Issue No. 09 - September (1984 vol. 33)
A.M. Van Tilborg , Computer and Microelectronics Sciences, Honey-well Systems and Research Center
Decentralized operating systems that control large multicomputers need techniques to schedule competing parallel programs called task forces. Wave scheduling is a probabilistic technique that uses a hierarchical distributed virtual machine to schedule task forces by recursively subdividing and issuing wavefront-like commands to processing elements capable of executing individual tasks. Wave scheduling is highly resistant to processing element failures because it uses many distributed schedulers that dynamically assign scheduling responsibilities among themselves. The scheduling technique is trivially extensible as more processing elements join the host multicomputer. A simple model of scheduling cost is used by every scheduler node to distribute scheduling activity and minimize wasted processing capacity by using perceived workload to vary decentralized scheduling rules. At low to moderate levels of network activity, wave scheduling is only slightly less efficient than a central scheduler in its ability to direct processing elements to accomplish useful work.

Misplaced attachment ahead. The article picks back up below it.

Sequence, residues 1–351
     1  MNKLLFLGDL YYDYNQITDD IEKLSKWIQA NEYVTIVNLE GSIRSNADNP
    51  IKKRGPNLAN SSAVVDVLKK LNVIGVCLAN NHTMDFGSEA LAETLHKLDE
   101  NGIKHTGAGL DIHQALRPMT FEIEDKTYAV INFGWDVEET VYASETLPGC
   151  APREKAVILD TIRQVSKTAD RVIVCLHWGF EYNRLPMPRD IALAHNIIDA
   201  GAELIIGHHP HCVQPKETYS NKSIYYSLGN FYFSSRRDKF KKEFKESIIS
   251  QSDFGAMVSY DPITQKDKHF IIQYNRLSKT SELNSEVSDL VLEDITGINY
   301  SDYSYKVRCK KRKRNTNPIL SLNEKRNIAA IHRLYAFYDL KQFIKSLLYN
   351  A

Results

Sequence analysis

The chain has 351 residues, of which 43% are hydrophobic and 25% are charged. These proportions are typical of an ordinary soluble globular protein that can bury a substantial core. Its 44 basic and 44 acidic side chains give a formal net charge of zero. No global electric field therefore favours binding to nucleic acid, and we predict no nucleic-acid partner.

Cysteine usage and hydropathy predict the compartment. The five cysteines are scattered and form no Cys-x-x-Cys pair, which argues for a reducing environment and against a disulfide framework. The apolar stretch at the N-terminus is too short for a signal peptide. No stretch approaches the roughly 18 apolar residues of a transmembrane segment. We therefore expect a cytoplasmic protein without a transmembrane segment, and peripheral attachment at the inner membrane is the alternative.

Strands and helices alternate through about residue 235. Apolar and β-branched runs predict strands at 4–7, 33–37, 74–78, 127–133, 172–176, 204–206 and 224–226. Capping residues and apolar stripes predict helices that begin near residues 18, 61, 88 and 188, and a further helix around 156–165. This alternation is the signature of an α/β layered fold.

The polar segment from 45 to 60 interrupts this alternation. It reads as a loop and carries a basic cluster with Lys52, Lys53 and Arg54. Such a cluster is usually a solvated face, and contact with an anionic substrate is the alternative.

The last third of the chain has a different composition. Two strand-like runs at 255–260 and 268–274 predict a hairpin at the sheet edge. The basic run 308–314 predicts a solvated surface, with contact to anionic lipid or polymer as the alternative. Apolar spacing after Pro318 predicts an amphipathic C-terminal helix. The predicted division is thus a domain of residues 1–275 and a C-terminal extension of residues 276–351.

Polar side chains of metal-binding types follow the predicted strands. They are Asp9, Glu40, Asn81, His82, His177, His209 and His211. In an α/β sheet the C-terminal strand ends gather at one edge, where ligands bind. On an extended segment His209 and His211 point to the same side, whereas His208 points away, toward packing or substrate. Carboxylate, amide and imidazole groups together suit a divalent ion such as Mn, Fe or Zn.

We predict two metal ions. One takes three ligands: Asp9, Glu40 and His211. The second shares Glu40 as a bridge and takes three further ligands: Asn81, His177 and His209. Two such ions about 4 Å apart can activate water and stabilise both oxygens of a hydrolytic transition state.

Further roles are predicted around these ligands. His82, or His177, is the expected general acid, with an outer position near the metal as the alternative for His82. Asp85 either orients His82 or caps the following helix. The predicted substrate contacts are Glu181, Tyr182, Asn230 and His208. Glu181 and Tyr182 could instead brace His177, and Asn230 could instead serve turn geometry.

task forces, Decentralized scheduling, distributed operating system, multicomputer, parallel scheduling
A. Van Tilborg and L. Wittie, "Wave Scheduling?Decentralized Scheduling of Task Forces in Multicomputers," in IEEE Transactions on Computers, vol. 33, no. , pp. 835-844, 1984.